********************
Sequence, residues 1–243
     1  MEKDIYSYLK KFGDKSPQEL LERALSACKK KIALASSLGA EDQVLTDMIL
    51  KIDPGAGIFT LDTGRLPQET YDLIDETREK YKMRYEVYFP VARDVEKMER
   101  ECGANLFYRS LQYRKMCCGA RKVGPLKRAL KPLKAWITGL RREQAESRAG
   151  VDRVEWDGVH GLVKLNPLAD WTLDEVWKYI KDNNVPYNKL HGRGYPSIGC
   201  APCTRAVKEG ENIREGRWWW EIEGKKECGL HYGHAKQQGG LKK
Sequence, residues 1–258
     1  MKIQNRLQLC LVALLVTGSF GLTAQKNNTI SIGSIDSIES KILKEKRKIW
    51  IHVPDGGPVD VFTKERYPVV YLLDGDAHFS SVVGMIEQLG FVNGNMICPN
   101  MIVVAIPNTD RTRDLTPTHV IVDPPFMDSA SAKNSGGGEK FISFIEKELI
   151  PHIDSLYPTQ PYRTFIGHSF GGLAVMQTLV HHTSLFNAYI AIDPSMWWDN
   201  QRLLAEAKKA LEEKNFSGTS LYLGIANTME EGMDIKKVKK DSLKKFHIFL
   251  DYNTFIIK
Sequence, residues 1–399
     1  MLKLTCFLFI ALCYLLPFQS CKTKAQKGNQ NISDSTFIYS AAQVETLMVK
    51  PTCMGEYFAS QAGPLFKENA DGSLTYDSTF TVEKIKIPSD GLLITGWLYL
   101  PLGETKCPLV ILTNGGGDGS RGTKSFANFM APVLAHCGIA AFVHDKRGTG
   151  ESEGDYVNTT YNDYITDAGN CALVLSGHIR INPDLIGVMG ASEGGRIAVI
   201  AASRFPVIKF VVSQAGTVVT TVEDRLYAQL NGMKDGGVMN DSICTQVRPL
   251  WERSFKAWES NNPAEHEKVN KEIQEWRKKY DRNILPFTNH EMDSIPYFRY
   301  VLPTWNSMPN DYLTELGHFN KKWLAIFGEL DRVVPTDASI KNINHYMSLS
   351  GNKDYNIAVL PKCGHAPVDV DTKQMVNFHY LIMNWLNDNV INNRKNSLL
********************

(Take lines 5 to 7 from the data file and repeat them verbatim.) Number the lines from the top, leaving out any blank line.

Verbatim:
   151  VDRVEWDGVH GLVKLNPLAD WTLDEVWKYI KDNNVPYNKL HGRGYPSIGC
   201  APCTRAVKEG ENIREGRWWW EIEGKKECGL HYGHAKQQGG LKK
Sequence, residues 1–258